Three physics majors presented posters at the fall meeting of the Division of Nuclear Physics of the American Physical Society (DNPAPS) in Newport News, Va., recently. 


Rich Bonventre ’08 presenting research at physics meeting

Richie Bonventre ’08 presented his work on the “Extraction of Yields for Neutral Meson Photoproduction from the Proton and Helium-3 with the CLAS Detector at Jefferson Lab.”

“Fiducial Volumes for Photons Detected in the Forward Calorimeters of the CLAS Detector at JLab” was the title of the poster presented by Christian Shultz ’08.


Crystal Smith '08 presents at physics meeting

Crystal Smith ’08 reported on her work on the “Analysis of Proton-Rich Elemental Abundances Created in Outflows from Gamma-Ray Burst Accretion Disks.”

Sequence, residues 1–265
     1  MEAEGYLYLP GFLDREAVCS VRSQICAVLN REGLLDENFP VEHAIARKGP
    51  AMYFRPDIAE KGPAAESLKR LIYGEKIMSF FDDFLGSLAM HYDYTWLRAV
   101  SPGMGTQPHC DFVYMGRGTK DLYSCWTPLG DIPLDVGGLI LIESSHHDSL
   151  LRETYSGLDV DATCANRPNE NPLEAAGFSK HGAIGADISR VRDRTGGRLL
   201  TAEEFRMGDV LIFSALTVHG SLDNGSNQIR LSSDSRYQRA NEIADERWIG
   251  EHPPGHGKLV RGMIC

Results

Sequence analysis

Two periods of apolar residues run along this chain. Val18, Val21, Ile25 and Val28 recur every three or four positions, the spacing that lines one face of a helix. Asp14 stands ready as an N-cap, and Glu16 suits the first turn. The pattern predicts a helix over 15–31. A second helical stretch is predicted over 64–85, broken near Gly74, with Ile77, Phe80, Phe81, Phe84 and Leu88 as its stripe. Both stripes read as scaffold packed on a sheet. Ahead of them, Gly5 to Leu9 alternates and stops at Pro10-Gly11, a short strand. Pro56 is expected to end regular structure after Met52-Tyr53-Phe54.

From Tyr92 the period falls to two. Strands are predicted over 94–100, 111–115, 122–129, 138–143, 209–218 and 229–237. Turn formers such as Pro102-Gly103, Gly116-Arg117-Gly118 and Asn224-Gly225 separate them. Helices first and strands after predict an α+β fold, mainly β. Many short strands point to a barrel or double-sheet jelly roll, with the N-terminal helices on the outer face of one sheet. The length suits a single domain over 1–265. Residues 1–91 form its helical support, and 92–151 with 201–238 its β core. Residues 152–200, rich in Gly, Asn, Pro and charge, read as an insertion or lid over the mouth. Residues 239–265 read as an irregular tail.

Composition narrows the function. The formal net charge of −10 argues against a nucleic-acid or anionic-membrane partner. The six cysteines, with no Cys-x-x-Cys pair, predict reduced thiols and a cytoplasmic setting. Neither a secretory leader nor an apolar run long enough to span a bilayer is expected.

Bonventre and Shultz work with Prof. Michael Vineyard, while Smith works with Prof. Rebecca Surman. The three students received competitive lodging and travel grants from the Conference Experience for Undergraduates program of the DNPAPS. The meeting showcased 97 undergraduate posters.

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People in the news

Posted on Oct 30, 2007

Martin Benjamin, professor of Visual Arts, has 10 works included in "Farsighted: An Exhibition of Photographs that Resonate with the Lure of Distant Lands, People and Cultures,” on exhibit through March 30 at the Albany International Airport Gallery. Included is new work Benjamin made in Vietnam.

Megan Ferry, director of East Asian Studies and associate professor of Chinese and East Asian Studies, recently participated in the Henry Luce Fund for Asian Studies Capstone Conference in Princeton, N.J. Having been one of 38 named Luce assistant professors at liberal arts colleges, she participated in a discussion of the impact of Asian Studies on the liberal arts curriculum in the context of Asia’s continuing economic and political importance in the world. She also discussed how the foundation’s awards have impacted teaching and research on Asia.